Understanding Eczema: Symptoms, Causes, and Treatment Options

about eczema

Eczema may be a common skin condition but that doesn’t make it any more bearable. As someone who is suffering from this irritating skin condition that likes to cause random flare-ups at the most inopportune times, you’re likely desperate for a solution that actually works. Unfortunately, eczema is a lifelong condition with no known cure. However, that doesn’t mean you have to suffer either. There are a variety of effective treatments for eczema that can have a significant improvement on your skin, which quickly flows into a boost in self-confidence, self-esteem and overall mental health.    So, let’s not waste any time. In this article, we cover everything you need to know to start loving your skin again.

What is Eczema?

A common skin condition that affects more than 31 million Americans, eczema (also known as atopic dermatitis) causes red, dry itchy and irritated skin with the occasional flare up. It typically begins during infancy or early childhood and continues into adulthood. However, eczema can develop in people of all ages.

Eczema can also appear anywhere on the skin, including your hands, soles of your feet, fingers, groin, scalp, elbow and knee creases, legs, neck, and face. The symptoms can vary depending on the type of eczema you’re dealing with (keep reading for more on that). However, red, dry, itchy skin is pretty standard for all types.

The causes of eczema are just as vast and depend largely on the type of eczema you’re dealing with. However, some common factors that may trigger eczema flare-ups include:

  • dry skin
  • sweating
  • tobacco products
  • fragrances/scented products
  • chemicals in detergents and cleansers
  • scratchy material
  • allergens such as mold, dust, pollens and dust mites
  • temperature changes
  • harsh weather
  • stress
  • food allergies
  • upper respiratory infections
  • animal dander

Types of Eczema

There are various types of eczema, and the one you have can help you determine the type of rash you experience and where it occurs on your body.

Atopic dermatitis

The most common type of eczema is known as atopic dermatitis and it produces dry, red, itchy skin. The rash often occurs in the creases of your elbows and knees and may produce small bumps that may even leak fluid if you scratch them. Atopic dermatitis is typically caused by a variety of factors, such as dry skin, genes, a problem with the immune system or triggers in the environment.

Contact dermatitis

Eczema caused by exposure to something that irritates the skin or that triggers an allergic reaction is known as contact dermatitis. Your skin may become hyperpigmented or feel like it is burning or stinging. Blisters that are filled with fluid can also appear and they may leak out and crust over.

Dyshidrotic dermatitis

This type of eczema occurs on the palms of the hands, soles of the feet and fingers and produces itchy, scaly patches of skin that become red, cracked and painful. It can be caused by a variety of things, such as damp hands and feet, allergies, stress, tobacco products and exposure to substances and may also produce fluid-filled blisters, which can hurt or itch. Dyshidrotic dermatitis is more common in women than men.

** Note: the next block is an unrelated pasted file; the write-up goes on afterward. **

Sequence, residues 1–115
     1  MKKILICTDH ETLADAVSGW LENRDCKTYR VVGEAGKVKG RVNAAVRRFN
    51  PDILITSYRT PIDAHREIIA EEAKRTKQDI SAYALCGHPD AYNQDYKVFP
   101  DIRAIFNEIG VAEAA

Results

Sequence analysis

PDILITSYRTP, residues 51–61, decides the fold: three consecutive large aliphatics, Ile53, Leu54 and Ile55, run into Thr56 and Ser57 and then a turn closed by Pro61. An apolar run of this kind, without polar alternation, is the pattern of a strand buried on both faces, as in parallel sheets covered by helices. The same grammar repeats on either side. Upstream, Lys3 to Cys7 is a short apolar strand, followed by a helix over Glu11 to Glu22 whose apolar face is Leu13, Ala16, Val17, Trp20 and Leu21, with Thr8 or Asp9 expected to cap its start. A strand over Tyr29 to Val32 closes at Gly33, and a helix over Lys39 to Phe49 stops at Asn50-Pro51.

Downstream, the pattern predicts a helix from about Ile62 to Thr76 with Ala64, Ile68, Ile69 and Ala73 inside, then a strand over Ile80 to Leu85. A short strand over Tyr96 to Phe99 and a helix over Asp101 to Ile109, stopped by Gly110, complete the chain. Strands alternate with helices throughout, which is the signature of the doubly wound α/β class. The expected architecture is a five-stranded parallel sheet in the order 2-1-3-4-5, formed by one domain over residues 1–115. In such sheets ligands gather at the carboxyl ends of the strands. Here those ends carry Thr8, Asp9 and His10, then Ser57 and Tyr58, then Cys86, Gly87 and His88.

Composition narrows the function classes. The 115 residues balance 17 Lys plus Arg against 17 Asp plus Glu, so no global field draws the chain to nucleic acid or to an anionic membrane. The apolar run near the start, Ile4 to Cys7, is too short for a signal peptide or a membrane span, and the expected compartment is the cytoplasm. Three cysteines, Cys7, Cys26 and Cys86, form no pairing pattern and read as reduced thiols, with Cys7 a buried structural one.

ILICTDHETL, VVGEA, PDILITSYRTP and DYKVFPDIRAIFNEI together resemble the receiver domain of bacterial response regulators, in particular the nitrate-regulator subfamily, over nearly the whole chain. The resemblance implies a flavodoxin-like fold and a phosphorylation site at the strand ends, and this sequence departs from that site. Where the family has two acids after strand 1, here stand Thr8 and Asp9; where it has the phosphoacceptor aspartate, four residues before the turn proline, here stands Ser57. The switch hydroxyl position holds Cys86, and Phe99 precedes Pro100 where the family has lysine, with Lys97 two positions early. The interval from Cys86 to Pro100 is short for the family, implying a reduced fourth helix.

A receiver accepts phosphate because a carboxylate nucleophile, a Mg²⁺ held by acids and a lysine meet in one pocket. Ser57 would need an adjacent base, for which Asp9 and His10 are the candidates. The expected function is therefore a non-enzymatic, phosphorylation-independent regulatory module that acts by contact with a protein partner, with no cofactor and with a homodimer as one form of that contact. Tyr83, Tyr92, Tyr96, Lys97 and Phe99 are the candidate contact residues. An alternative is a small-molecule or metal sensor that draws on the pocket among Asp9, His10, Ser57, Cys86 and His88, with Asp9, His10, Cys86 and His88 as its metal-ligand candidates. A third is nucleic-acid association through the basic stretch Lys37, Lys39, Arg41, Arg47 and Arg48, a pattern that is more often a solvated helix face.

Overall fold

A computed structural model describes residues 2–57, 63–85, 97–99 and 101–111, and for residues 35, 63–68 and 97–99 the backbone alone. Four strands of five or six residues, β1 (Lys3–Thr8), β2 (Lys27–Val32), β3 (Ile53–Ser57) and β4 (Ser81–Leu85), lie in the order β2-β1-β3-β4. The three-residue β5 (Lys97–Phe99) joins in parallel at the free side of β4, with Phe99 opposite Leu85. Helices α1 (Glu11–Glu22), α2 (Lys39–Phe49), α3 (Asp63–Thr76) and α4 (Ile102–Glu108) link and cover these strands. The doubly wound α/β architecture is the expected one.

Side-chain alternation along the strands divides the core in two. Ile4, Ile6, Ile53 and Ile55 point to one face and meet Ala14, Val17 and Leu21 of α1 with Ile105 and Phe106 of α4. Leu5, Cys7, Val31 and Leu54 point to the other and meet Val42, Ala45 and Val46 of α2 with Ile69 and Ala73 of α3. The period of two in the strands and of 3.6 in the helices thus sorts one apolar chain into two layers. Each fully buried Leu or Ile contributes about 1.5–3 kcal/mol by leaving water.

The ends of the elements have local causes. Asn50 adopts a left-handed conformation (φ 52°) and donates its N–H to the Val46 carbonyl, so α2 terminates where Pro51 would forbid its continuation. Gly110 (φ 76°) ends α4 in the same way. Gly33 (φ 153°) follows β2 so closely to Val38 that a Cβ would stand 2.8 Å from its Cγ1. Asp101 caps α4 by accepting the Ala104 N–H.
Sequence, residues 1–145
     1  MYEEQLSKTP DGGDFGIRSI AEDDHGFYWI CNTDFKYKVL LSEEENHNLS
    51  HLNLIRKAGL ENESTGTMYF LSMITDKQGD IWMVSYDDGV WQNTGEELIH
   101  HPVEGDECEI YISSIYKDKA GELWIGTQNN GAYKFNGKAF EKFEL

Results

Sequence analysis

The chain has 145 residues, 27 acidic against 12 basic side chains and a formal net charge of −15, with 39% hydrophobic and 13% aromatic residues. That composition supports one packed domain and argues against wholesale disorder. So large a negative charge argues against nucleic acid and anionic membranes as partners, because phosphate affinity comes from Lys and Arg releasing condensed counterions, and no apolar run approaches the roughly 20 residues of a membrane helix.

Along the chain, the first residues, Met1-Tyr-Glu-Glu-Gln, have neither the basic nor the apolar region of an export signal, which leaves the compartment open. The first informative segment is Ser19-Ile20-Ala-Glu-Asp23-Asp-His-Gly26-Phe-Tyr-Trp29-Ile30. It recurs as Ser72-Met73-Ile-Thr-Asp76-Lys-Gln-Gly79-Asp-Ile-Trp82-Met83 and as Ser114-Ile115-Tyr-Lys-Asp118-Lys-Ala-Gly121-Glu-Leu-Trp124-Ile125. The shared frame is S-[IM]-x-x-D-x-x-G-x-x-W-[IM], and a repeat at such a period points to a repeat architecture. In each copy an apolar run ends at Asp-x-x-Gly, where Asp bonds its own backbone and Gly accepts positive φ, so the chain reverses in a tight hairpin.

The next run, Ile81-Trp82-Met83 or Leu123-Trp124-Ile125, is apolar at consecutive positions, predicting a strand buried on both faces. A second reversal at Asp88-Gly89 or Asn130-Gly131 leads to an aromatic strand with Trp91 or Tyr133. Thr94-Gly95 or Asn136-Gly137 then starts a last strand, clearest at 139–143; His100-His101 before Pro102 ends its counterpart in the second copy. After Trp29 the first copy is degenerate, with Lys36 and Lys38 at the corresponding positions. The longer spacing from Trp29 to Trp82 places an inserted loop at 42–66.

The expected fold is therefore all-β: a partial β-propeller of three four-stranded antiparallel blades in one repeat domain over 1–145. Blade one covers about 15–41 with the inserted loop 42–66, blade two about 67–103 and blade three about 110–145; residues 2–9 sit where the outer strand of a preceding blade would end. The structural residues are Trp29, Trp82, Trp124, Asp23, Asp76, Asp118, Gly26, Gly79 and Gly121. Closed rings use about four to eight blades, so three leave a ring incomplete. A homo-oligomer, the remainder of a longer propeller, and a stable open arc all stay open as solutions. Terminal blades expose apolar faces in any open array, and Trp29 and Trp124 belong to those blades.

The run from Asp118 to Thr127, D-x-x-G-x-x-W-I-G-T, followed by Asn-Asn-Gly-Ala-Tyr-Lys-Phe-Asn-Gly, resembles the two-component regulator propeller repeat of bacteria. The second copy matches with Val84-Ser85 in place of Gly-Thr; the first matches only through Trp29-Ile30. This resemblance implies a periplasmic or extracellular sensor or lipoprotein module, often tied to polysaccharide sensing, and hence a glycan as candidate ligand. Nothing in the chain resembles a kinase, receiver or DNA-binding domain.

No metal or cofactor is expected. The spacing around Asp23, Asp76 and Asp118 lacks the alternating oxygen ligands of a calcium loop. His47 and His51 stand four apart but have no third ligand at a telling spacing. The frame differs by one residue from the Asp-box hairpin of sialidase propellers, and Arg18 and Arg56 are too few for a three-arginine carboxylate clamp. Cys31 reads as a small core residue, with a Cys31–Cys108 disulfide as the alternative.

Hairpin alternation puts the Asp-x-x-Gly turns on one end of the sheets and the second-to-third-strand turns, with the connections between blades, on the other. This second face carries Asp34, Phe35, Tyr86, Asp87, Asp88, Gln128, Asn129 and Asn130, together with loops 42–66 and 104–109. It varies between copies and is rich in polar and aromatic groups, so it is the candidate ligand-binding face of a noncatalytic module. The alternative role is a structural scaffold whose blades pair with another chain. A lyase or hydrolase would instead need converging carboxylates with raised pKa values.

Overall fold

Nummular dermatitis

A form of eczema that causes round, red and incredibly itchy scaly patches on the skin. It appears very different from the other types of eczema. It typically occurs on the lower legs and is often caused by a break in the skin’s barrier due to a reaction to an allergy, chemicals or even an insect bite.


Similar to atopic dermatitis, this form of eczema causes thick, scaly dry patches on the skin. It typically forms on the arms, legs, scalp, back of the neck, soles of the feet, backs of the hands or genitals, and can become very itchy. It’s believed that neurodermatitis is usually experienced in people who also have psoriasis or other types of eczema.

Statis dermatitis

Another type of eczema that is more common on the lower legs is statis dermatitis. It is caused by poor blood flow that causes fluid to leak out of weakened veins and into your skin. Statis dermatitis can produce swelling, redness, itching and pain, as well as varicose veins.

Seborrheic dermatitis

This form of eczema causes oily, scaly patches of skin typically where your oil-producing glands are, such as your scalp, hairline, nose, upper back and groin. It often appears like dandruff patches and is caused by a combination of genetic and environmental factors, such as hormonal changes, cold weather, harsh detergents, illness, medical conditions, and medications.

Potential Complications of Untreated Eczema

While eczema may seem like nothing more than a skin condition to others, anyone who has personal experience with it knows that it can be much more. In addition to the symptoms being incredibly uncomfortable and even debilitating, there are several risks that are associated with eczema. This includes: